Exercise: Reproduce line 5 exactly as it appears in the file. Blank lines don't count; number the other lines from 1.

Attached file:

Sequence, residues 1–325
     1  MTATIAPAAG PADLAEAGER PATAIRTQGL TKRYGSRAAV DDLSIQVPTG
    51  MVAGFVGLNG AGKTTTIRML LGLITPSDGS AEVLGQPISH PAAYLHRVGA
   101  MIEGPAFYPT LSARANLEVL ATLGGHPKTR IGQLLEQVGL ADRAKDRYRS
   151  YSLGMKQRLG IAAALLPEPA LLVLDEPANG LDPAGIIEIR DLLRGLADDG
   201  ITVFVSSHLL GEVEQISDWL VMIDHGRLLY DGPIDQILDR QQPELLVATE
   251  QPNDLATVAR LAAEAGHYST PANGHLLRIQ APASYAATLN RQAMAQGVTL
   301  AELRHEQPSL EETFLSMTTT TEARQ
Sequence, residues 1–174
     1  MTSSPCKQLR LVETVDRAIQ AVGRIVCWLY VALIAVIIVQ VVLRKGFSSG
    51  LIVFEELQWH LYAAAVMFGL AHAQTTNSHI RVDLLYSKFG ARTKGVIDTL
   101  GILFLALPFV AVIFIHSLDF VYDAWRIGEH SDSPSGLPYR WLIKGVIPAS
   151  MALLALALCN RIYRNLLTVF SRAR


   151  YSLGMKQRLG IAAALLPEPA LLVLDEPANG LDPAGIIEIR DLLRGLADDG